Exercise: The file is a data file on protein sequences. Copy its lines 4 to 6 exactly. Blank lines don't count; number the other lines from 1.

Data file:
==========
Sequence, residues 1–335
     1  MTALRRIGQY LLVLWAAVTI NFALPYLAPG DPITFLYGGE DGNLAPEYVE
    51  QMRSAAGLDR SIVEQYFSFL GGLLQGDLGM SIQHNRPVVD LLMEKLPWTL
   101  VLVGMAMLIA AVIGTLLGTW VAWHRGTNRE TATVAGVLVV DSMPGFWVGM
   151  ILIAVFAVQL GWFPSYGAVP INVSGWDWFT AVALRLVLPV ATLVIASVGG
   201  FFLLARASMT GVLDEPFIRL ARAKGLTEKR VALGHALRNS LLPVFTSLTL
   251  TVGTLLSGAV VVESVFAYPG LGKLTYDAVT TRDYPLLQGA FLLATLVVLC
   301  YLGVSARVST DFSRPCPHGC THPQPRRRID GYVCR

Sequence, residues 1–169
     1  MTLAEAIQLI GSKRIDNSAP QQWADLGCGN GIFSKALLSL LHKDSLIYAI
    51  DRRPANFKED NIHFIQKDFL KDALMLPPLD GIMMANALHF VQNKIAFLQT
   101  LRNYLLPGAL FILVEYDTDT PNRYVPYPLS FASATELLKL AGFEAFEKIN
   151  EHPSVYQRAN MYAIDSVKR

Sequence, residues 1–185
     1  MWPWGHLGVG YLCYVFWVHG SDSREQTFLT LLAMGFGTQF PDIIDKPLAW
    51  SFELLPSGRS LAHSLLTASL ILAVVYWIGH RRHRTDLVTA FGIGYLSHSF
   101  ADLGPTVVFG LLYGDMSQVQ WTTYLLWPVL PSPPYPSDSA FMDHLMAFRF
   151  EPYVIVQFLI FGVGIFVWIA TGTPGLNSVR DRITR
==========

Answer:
   101  VLVGMAMLIA AVIGTLLGTW VAWHRGTNRE TATVAGVLVV DSMPGFWVGM
   151  ILIAVFAVQL GWFPSYGAVP INVSGWDWFT AVALRLVLPV ATLVIASVGG
   201  FFLLARASMT GVLDEPFIRL ARAKGLTEKR VALGHALRNS LLPVFTSLTL